The Estado Novo comes, which extinguishes all parties and state governments. Everything starts to be submitted to the maximum leader Getúlio Vargas. In this period, there are only four interveners: a military from Ceará who ruled for days (Francisco José da Silva Júnior), but then Getúlio, who was not a beast or anything, put three civilians from São Paulo without a revolting spirit. In 1950, when Getúlio ran for president, he would win in the State of São Paulo.
The civilians were: Adhemar de Barros (41 to 37), Fernando de Sousa Costa (37 to 45) and Sebastião Nogueira de Lima (1945). The first of them was from a family of coffee growers and had no connections with San Francisco. In the post-war democracy, governor of São Paulo, and, in the manner of the Old Republic, would try to be elected president of Brazil in 55. He lost to Juscelino, but won in São Paulo. During the military regime, he was elected governor again. His reputation as a thief, however, dates back to the Vargas period. At the time, he built the headquarters of Banespa and did a lot of work. Would he be a malufista avant la lettre ?
Fernando de Sousa Costa, an agronomist, had a better reputation and became Vargas’ Minister of Agriculture. He died prematurely inaugurating work and took over Sebastião Lima. He was an old ex-delegate from Piracicaba whose previous political life revolved more around his hometown. He rose with varguismo, but he did not seem very interested in dedicating himself to a new national career.
In all During this Vargas period, the governors of São Paulo did not try to reach the presidency for the same reason they did not during the Empire: it was not possible. But the situation was even worse than in the Empire, because at that time there was party life and elections. The Estado Novo was more authoritarian than any period before or after the history of Brazil.
However, in order to maintain a lasting and peaceful government, the leader, however strong, would negotiate with local powers. He would not fight with everyone, like Hermes da Fonseca, nor would he go around killing everyone, like Floriano Peixoto. Instead, Vargas garnered support from sectors of the local elites. Estadão had supported the Revolution of 30, but in 1932, the Mesquitas fled to Lisbon, for supporting the Constitutionalist Revolution as well. It was a movement identical to that of the politicians who won the intervention, victorious in 30, and then joined the Constitutionalist Revolution, in 32. It is a movement very similar to that of Estadão itself in 1924, which began by joining the military.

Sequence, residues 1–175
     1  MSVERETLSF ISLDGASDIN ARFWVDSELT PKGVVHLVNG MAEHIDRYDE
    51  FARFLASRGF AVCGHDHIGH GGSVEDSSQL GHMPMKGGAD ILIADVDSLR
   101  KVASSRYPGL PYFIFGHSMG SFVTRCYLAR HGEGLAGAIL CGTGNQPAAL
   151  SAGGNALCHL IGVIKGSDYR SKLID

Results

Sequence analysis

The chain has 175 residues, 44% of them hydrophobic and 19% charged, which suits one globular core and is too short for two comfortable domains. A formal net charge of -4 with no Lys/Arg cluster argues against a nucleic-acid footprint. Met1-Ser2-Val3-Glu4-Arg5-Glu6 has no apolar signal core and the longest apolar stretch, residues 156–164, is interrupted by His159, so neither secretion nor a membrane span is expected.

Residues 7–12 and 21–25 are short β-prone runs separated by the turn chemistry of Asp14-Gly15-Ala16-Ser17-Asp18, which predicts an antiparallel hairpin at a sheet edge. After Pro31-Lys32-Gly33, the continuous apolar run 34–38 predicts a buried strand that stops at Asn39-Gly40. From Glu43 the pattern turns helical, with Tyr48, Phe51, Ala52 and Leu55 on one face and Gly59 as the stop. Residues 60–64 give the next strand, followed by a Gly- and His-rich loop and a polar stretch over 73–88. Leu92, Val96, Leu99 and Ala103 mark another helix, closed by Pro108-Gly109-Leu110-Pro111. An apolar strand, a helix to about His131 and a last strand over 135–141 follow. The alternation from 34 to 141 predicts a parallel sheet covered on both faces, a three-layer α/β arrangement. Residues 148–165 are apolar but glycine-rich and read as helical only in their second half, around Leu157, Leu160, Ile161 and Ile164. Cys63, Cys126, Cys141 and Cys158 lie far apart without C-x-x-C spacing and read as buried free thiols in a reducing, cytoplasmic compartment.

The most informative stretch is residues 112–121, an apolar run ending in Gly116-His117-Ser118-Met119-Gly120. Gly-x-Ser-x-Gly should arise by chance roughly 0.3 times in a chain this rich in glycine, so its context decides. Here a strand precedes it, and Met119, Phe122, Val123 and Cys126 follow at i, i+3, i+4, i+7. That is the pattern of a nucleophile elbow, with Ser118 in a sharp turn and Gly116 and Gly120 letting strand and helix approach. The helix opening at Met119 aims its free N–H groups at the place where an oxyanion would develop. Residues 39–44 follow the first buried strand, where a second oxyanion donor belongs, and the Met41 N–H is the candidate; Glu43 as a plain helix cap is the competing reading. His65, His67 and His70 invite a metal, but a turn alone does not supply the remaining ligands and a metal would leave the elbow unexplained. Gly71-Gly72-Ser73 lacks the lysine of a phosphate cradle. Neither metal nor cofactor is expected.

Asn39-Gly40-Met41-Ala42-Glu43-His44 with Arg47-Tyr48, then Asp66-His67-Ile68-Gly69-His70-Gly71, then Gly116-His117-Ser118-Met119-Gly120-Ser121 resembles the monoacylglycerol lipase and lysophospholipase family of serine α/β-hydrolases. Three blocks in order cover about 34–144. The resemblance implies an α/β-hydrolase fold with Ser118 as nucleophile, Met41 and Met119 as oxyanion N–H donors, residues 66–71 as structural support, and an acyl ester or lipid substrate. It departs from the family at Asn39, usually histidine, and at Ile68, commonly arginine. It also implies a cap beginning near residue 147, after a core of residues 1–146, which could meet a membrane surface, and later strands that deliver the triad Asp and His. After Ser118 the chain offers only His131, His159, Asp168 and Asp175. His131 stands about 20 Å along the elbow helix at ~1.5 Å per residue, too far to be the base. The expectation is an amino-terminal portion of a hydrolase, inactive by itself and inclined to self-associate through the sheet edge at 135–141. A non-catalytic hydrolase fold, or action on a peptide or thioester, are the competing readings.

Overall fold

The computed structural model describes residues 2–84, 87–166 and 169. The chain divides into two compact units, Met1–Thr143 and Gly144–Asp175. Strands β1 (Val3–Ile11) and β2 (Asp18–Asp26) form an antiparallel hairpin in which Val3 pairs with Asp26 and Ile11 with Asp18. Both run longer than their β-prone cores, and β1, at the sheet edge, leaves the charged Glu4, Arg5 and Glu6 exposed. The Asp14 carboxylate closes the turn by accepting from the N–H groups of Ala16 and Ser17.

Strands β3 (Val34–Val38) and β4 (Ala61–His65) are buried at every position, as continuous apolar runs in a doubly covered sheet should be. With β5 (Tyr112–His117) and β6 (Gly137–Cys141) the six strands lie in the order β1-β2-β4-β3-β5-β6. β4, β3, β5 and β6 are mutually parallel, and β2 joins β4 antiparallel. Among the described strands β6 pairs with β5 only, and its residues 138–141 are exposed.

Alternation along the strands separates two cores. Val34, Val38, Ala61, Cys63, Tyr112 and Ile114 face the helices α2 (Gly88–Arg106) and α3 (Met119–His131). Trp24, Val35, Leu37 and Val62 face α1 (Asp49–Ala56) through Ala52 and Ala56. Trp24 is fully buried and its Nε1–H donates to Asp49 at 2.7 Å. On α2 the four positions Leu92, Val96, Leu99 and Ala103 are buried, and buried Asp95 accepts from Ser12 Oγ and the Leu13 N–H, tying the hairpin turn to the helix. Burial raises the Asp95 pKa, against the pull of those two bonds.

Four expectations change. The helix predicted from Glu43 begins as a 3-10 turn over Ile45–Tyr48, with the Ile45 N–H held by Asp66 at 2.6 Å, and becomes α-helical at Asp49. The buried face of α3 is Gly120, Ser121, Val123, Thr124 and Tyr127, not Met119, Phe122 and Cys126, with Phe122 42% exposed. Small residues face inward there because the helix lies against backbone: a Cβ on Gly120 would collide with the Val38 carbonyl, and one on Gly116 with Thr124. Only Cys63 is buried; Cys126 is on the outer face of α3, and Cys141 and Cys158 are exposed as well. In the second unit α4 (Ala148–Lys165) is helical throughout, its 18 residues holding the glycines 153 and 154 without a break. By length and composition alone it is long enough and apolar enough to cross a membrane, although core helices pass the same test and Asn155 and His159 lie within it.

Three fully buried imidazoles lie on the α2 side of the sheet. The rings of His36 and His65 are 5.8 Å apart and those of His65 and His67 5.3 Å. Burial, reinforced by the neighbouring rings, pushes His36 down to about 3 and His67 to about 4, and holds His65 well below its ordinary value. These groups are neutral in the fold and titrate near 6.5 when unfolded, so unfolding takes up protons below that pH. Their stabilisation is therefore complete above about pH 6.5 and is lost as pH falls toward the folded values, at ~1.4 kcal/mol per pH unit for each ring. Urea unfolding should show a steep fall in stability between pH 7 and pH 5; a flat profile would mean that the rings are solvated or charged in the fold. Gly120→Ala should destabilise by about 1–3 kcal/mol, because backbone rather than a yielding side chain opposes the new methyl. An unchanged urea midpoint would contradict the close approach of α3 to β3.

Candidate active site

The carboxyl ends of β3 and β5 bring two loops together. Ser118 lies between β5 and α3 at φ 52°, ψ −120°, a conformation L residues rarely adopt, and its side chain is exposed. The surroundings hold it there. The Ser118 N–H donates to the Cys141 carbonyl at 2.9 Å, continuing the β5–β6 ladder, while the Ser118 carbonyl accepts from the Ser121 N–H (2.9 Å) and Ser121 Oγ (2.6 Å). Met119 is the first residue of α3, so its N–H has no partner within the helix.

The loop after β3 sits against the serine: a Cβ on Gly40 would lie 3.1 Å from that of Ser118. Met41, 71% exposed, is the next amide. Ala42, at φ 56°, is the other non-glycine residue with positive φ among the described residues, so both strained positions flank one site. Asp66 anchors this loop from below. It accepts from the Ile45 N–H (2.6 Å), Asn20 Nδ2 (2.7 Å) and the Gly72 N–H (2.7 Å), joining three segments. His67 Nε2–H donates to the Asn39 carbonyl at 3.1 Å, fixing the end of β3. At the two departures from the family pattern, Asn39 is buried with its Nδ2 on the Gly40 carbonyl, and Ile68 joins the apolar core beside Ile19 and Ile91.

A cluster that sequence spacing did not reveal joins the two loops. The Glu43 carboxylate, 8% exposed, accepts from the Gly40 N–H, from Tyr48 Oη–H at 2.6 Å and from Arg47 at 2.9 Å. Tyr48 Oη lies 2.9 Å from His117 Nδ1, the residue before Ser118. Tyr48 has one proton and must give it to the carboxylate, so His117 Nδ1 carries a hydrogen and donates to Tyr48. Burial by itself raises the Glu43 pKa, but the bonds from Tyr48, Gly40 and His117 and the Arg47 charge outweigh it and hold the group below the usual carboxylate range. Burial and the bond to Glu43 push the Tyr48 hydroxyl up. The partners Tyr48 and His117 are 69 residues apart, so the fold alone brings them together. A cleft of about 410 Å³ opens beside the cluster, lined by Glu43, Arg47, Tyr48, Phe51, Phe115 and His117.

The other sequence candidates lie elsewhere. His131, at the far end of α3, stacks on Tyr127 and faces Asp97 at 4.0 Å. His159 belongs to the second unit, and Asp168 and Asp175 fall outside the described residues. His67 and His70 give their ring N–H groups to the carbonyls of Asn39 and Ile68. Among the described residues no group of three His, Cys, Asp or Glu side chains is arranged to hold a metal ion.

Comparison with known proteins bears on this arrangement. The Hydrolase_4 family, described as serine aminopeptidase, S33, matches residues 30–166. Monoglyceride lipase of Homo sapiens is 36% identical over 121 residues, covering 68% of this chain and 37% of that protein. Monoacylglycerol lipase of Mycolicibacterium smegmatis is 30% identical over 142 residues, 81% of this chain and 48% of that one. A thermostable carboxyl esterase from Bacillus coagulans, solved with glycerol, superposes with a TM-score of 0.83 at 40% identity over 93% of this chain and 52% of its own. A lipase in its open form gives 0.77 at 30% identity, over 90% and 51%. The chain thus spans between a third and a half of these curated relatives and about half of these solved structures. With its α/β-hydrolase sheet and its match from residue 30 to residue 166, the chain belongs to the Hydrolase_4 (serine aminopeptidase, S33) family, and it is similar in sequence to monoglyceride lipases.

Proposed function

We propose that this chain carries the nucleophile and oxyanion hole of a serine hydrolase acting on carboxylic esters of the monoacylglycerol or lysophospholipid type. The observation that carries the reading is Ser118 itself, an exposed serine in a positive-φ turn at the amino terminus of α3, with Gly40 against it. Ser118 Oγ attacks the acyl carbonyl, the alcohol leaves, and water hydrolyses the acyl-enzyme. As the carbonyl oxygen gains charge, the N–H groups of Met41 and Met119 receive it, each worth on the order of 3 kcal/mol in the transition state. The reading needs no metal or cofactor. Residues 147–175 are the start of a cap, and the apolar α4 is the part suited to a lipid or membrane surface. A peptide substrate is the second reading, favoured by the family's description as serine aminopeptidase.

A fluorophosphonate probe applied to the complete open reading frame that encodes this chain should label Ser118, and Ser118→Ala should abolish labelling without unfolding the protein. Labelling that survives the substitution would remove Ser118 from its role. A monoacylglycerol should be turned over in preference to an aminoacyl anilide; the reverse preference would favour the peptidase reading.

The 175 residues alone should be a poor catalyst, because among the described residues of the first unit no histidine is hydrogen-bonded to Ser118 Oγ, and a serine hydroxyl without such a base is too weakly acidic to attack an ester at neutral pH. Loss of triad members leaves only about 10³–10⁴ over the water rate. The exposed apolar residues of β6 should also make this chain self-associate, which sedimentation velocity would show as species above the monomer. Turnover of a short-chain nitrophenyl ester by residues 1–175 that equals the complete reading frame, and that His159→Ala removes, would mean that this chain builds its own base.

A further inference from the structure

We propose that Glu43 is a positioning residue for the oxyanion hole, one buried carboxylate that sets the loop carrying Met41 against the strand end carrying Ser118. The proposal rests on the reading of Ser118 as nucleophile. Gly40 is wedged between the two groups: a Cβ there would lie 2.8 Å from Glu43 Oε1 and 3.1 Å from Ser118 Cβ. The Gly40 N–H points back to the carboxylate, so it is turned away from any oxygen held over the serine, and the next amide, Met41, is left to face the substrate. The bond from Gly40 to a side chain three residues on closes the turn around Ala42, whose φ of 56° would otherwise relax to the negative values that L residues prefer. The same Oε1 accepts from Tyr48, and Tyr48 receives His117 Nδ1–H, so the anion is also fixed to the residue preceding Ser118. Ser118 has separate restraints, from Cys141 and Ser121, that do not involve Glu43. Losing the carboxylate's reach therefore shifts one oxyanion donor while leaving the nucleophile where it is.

We can leave this balance with a profile of this São Paulo elite that adheres to the central government: it is urban, USP, legal and linked to the bank; is allergic to the countryside and the Army. He hitchhikes in the central government, but he wants to govern. It makes use of “public opinion” and claims to defend democracy, as well as liberalism.
After Vargas established himself in the Estado Novo, it was the political leader who flourished in São Paulo who did not question of leading the country. It is worth noting that the desires of the people of São Paulo and that of its elite no longer always walked together, as both Adhemar de Barros and Getúlio Vargas became popular in the state and won over the São Paulo electorate in the democratic period. In this mismatch between the people and the elites, we have a precedent for the election of Tarcísio. The thing only gets weirder if we take into account that we now live in a democracy, and Tarcísio will not be any intervener.
In the next text we continue with the chronology.